Figure 4: METOP-A AVHRR Natural Colours RGB and AMV wind barbs of the 900-1000 hPa layer retrieved from SEVIRI. © OMSZ

Gravity waves can also appear as a solitary wave and propagate as a disturbance that is characterized by a sudden and relatively permanent change in the height of a horizontal fluid interface. This type of atmospheric disturbance is also known as an undular bore.

Figure 5: On 2 July, 2013, the SEVIRI instrument aboard Meteosat-10 captured this view of an undular bore propagating westward off the coast of western Africa. © NASA

As can be seen in figure 5, the dry air from the African continent pushes up the moist air located over the Atlantic. The undular bore is the result of the clash of the two air masses. Typical undular bore patterns might display one or two rows of clouds; the above example shows more than 10 waves of clouds, which is unusually many. The air to the east of the bore is almost completely cloud-free because dry air would have eroded any clouds in that area.

A classic example of an undular bore is the morning glory phenomenon in Australia triggered by the sea breeze.

Figure 6: Aerial view of the Morning Glory cloud between Burketown and Normanton (Queensland, AUS). The appearance of several roll clouds is a rare phenomenon. © Mick Petroff, CC BY-SA 3.0

The Morning Glory cloud is a solitary wave propagating at about 60 km/h. It has a length of several hundred km but is only about 2 km wide and tall.

Undular bores can also occur in advance of cold air outflows that form an arc cloud. The example below (figure 7) is produced by the mistral wind flowing south along the Rhone valley and spreading cold polar air over the Gulf of Lion. The arc cloud forms at the transition between the warmer Mediterranean and the colder polar air. The humid air over the sea is lifted by the colder air arriving from the north above cloud condensation level (CCL) and is then pushed back by gravitational forces below CCL. The cloud arc can be interpreted as the mistral outflow boundary, which gradually progresses southwards.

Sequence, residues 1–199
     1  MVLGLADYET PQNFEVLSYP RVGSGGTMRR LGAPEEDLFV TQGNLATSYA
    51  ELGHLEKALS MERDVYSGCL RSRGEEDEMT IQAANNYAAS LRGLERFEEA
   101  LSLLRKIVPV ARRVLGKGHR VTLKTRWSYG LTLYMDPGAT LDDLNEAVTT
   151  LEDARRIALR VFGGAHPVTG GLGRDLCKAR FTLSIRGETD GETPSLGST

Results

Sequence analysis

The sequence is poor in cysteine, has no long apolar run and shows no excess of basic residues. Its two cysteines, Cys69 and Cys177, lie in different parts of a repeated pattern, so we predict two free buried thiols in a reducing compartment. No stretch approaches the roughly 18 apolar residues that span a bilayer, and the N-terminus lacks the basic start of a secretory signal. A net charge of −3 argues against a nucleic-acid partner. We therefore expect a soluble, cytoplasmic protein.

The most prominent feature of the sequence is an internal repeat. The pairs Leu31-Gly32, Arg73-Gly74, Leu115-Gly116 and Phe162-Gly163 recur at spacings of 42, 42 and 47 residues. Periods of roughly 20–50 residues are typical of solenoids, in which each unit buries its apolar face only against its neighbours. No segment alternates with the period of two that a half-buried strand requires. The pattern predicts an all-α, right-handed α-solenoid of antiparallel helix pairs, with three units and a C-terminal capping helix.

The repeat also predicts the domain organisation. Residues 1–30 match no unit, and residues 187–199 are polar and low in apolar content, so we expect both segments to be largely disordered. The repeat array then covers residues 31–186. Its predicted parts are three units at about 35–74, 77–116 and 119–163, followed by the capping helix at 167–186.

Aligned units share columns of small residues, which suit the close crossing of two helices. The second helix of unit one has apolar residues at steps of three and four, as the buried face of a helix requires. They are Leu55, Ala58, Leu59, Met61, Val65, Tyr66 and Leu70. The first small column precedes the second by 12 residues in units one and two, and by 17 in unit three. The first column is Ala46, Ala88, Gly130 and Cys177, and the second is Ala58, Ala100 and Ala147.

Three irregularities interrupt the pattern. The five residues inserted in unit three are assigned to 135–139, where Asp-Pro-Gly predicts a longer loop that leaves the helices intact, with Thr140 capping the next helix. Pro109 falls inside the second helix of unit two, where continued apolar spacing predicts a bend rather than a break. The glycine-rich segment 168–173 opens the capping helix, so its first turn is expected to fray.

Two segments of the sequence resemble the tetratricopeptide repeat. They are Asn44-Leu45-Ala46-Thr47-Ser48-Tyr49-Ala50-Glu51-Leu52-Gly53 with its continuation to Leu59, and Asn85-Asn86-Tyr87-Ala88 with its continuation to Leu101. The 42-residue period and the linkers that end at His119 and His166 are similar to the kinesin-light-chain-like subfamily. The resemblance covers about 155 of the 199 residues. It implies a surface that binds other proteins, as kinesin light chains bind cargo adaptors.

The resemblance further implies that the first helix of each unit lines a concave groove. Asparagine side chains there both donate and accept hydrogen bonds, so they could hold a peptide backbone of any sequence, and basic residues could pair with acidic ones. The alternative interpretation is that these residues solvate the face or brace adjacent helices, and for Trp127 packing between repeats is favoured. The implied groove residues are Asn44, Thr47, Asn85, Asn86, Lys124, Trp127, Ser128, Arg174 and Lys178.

Figure 7: MSG channel 12 (HRV) loop from 16 August, 2007. Rapid scan: 05:20 - 08:40 UTC.

Gravity waves can be generated by cold air outbreaks on a much smaller scale. They are often observed in the vicinity of thunderstorms (also called outflow boundaries or gust fronts). In some cases they are able to generate new convective cells due to the lifting effect in a potentially unstable air mass.

Outflow boundaries create low-level wind shear which can be hazardous during aircraft takeoffs and landings.

Figure 8: Illustration of a downburst over an airport. ©: NASA

Downbursts are frequently associated with thunderstorms. They are rather localized columns of cold air sinking rapidly due to gravitational forces. When downbursts reach the ground, they propagate horizontally until surface friction stops their spreading. Most of the time downbursts are not related to cloud formation, but when such a cold air downburst runs into moist and warm air it can lead to the development of an undular bore which is visible in satellite imagery.

The next example shows a very intense and wide-area convection episode in Botswana in the early morning. The HRV image loop below (figure 9) shows the outflow of cold air from a well-developed convective system which generates convection at the outflow boundary. The gravity wave propagating westward is clearly visible. Primarily it enhances shallow CBs by lifting the unstable air; in some cases this extra momentum is decisive for generating deep moist convection.

Figure 9: MSG channel 12 (HR-VIS) image loop of 19 January, 2015 from 04:00 - 16:00 UTC.